Most businesses are first and foremost concerned with generating profit—it’s how they stay afloat in an ever-changing, fast-moving economy. But the pursuit of profit almost always entails the use of state-funded infrastructure and resources—like roads, an educated workforce, and utilities. Businesses must help fund these in the form of taxes.
For businesses not chiefly concerned with generating profits—who instead seek to advance a social cause or promote the public good—even moderate tax responsibility can be prohibitive to their mission. To protect these special entities from being eaten up by tax obligations, the United States and individual state governments offer nonprofit status.
What is a nonprofit?
Officially speaking, a nonprofit organization (NPO) is a business that has been granted tax-exempt status by the US Internal Revenue Service (IRS) on the basis that it advances a social cause benefiting the public in some way. (Think: historical preservation, scientific research, animal welfare, economic development.) These entities are prohibited from distributing profits they generate toward anyone or anything other than advancing the organization.
Nonprofits are sometimes referred to as non-stock corporations, or 501(c)(3) organizations—depending on the subsection of the tax code’s Section 501 that provides for their tax-free status. While enjoying federal tax exemption status on income, nonprofits typically must pay employment taxes for hired staff. Individual states may offer even more tax benefits to nonprofit organizations, such as exemption from paying sales taxes on items they purchase for use by the business.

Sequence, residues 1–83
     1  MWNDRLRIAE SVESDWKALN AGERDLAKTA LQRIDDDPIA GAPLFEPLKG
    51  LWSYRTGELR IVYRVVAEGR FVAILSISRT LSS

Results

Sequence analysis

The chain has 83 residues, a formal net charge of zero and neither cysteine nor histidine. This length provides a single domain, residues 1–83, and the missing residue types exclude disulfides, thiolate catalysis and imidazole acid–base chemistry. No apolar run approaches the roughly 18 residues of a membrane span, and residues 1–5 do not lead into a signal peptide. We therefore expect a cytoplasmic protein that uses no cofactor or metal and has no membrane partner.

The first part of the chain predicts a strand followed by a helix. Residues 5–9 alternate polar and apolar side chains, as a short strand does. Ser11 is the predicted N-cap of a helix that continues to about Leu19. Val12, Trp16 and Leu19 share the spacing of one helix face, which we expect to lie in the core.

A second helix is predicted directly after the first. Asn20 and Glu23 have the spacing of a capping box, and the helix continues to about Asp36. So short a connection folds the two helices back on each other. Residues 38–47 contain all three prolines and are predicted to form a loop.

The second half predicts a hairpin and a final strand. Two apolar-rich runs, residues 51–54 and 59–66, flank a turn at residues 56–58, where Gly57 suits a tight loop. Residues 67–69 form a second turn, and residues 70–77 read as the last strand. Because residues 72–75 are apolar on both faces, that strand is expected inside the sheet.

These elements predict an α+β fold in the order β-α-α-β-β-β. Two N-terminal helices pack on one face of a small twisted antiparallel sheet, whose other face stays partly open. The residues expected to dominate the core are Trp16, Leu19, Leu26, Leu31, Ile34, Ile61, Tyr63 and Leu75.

Nonprofits run with the purpose of maximizing revenues for the causes they support—a key point of distinction from other types of tax-exempt organizations, which may not necessarily run with the goal of generating revenues but simply maintaining an ability to pay overhead.
What are the qualifications to be a nonprofit?
Because a nonprofit must serve the public benefit in some way, they are required to make financial and operating data public so that potential donors are informed as to how contributions are being used.